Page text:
- The Washington Times - Thursday, December 7, 2017

Ten of President Trump’s judicial nominees moved one step closer to confirmation Thursday over complaints from Democrats, who said the judicial confirmations were moving too swiftly.

Leonard Grasz for the 8th U.S. Circuit Court of Appeals, James Ho and Texas Supreme Court Justice Don Willett, both for the 5th U.S. Circuit Court of Appeals, all moved out of the SenateJudiciary Committee on a party-line vote of 11-9.

The next hurdle will come on the chamber floor when the full Senate votes on the confirmations.

“This is the fastest confirmation pace I can remember in my 25 years serving on this committee,” said California Sen. Dianne Feinstein, the top Democrat on the committee.

She said Mr. Trump has had nine circuit court nominees confirmed, which is more than any president has had in a first year since President Nixon. Ms. Feinstein has raised concerns over inadequate vetting of the Trump administration’s nominees due to the rushed pace.

Democrats on the committee refused to back Mr. Grasz’s nomination after he received a “not qualified” rating from the American Bar Association, which Democrats have called the gold standard for judges.

But Republicans have argued the organization is a liberal advocacy group and its ratings shouldn’t be indicative of a judicial nominee’s qualifications.

Mr. Grasz, a Nebraska lawyer, said the ABA gave him the low score because he is conservative.

Committee Chairman Sen. Charles E. Grassley, Iowa Republican, said Mr. Grasz has briefed nine cases before the Supreme Court and one of those was on behalf of Nebraska’s ban on partial-birth abortion.

“This appears to be a driving force for the ABA’s head-scratching decision to argue Mr. Grasz is ‘unqualified,’” Mr. Grassley said.

Mr. Ho, a Texas lawyer, and Justice Willett also faced pushback from the committee’s Democrats.

They opposed Mr. Ho over of a memo he drafted while working at the Justice Department on torture, which was unavailable for the committee to review.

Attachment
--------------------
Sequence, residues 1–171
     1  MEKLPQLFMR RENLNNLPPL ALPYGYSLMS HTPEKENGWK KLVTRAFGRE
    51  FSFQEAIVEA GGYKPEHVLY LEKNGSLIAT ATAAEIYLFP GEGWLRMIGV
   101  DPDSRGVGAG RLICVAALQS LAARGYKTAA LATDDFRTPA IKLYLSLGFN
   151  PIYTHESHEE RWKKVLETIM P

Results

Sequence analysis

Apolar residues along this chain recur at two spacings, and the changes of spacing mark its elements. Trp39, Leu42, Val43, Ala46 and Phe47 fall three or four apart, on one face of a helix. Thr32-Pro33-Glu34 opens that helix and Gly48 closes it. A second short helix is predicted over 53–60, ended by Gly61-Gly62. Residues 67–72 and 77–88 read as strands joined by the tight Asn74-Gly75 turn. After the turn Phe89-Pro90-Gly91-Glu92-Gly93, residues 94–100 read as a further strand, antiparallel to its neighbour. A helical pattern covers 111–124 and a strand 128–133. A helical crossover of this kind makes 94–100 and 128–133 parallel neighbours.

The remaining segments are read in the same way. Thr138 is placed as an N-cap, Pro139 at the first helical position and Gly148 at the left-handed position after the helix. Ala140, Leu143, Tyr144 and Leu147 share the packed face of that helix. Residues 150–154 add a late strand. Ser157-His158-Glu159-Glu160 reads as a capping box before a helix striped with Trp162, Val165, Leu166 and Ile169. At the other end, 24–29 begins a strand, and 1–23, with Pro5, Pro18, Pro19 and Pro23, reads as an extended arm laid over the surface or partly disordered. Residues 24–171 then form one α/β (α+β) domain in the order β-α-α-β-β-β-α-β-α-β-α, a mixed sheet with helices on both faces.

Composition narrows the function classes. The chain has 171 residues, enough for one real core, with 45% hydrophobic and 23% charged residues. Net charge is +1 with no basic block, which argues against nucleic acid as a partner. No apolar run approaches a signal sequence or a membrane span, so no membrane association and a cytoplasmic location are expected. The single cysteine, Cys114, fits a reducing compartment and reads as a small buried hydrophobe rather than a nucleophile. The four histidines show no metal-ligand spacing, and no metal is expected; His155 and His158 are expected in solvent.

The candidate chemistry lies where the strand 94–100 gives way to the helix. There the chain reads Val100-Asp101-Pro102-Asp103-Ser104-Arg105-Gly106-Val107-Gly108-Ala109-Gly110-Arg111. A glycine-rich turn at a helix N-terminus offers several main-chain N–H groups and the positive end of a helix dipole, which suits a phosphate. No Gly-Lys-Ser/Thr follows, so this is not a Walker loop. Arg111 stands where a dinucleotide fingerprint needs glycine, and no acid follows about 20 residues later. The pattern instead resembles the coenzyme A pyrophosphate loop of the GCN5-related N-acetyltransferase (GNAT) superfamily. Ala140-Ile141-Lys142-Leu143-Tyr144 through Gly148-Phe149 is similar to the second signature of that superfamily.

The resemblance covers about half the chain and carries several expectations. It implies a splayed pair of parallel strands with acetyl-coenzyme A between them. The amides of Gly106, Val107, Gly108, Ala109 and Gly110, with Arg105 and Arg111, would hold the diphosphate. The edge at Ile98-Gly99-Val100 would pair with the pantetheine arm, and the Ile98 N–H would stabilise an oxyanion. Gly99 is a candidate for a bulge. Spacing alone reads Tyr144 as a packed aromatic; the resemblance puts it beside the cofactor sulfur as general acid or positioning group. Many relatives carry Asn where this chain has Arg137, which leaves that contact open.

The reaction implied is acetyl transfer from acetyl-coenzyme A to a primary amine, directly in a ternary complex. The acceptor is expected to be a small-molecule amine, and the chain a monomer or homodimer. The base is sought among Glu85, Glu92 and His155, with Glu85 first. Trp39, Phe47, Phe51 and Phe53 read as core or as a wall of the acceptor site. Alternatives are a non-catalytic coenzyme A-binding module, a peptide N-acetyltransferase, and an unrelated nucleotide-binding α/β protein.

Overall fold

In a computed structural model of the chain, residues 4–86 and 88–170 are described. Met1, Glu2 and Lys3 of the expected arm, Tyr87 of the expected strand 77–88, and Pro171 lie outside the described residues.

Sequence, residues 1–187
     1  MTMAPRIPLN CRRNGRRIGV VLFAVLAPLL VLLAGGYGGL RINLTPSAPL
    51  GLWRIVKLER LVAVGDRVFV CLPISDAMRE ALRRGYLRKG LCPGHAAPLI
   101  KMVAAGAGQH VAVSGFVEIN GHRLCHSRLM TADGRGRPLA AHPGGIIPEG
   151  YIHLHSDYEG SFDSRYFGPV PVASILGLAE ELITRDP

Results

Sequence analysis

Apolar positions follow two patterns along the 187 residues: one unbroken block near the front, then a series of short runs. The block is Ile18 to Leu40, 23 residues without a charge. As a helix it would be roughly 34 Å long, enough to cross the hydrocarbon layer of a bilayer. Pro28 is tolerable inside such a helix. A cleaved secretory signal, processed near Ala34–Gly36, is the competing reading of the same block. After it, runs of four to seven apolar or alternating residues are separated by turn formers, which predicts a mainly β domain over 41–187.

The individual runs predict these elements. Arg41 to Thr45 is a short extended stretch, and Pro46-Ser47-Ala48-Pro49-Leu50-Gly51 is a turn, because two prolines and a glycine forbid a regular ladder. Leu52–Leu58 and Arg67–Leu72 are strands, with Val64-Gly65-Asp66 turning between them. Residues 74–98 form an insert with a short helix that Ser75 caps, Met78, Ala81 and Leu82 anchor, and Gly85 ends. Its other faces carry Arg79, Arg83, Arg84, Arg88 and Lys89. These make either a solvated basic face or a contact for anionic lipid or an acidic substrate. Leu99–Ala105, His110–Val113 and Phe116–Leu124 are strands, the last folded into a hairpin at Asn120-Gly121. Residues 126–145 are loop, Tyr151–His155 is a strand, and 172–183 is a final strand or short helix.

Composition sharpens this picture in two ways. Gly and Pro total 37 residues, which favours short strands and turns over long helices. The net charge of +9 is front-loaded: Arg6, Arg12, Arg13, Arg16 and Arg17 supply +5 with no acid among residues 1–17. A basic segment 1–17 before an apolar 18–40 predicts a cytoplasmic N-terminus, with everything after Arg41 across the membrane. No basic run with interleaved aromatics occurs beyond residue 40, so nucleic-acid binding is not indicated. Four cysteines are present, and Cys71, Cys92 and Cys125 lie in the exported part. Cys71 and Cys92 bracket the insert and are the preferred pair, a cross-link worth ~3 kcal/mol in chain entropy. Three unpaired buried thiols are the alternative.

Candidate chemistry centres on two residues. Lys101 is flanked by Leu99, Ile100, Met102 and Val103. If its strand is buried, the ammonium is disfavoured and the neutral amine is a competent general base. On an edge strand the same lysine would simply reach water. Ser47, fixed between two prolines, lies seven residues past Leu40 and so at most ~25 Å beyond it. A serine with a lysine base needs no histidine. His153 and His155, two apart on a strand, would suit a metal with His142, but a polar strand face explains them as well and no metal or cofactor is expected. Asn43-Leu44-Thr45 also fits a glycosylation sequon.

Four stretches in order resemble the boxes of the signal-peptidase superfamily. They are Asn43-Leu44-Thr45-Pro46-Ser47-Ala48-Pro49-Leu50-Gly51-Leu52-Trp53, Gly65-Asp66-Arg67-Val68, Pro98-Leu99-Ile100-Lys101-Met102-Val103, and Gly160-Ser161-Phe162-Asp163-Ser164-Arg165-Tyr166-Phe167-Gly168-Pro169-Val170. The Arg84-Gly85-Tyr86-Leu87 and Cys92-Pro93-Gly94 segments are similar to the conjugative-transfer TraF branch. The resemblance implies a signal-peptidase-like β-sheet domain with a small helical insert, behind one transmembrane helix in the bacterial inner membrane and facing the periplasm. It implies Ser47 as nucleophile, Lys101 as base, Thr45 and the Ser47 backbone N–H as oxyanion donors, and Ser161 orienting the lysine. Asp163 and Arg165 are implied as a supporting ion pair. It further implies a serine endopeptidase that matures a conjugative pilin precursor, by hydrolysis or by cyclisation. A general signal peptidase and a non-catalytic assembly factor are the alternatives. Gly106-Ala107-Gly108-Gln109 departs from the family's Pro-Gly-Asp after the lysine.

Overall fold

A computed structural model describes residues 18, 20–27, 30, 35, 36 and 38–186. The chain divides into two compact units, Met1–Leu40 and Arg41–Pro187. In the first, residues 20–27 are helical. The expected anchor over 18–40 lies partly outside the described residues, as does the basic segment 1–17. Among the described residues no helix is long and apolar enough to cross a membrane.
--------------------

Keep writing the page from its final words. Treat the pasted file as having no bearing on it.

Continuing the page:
Meanwhile, Justice Willett was criticized for his use of Twitter by both parties.

Sen. Patrick Leahy, Vermont Democrat, raised concerns about one of Justice Willett’s tweets appearing to make fun of a transgender woman.

“It would seem to send a clear message that not all people are going to be welcomed in his courtroom,” said Mr. Leahy.

Sen. John Kennedy, Louisiana Republican, also thought the tweets were a problem, but decided to vote for Justice Willett anyway.

“People perceive things in different ways and it only takes one or two tweets for folks to think, ‘Well, that’s not a fair judge,’” Mr. Kennedy said.

In addition to the three circuit court nominees, the committee cleared Mark Norris, Sr., for the Western District of Tennessee by a party-line vote.

Six other district court judges received a voice vote in support of their confirmations Thursday: Terry Doughty for the Western District of Louisiana, Terry Moorer for the Southern District of Alabama, Claria Boom for the Eastern and Western Districts of Kentucky, John Broomes for the District of Kansas, Rebecca Jennings for the Western District of Kentucky, and Robert Wier for the Eastern District of Kentucky.

Nan Aron, president of the progressive Alliance for Justice, said the judicial nominations process is spinning out of control.

“It is disgraceful that in their stampede to rush through as many judicial nominees as possible, Republican partisans on the Judiciary Committee continue to trample basic standards for nominees, longstanding Senate practice, and their own Democratic colleagues,” she said.

But Carrie Severino, chief counsel for the conservative Judicial Crisis Network, said Mr. Trump is on par with the Clinton administration in terms of judicial confirmations during the first year.

“This pace shows the priority this administration has placed on judges, unlike President Obama, who didn’t make it a priority,” said Ms. Severino.

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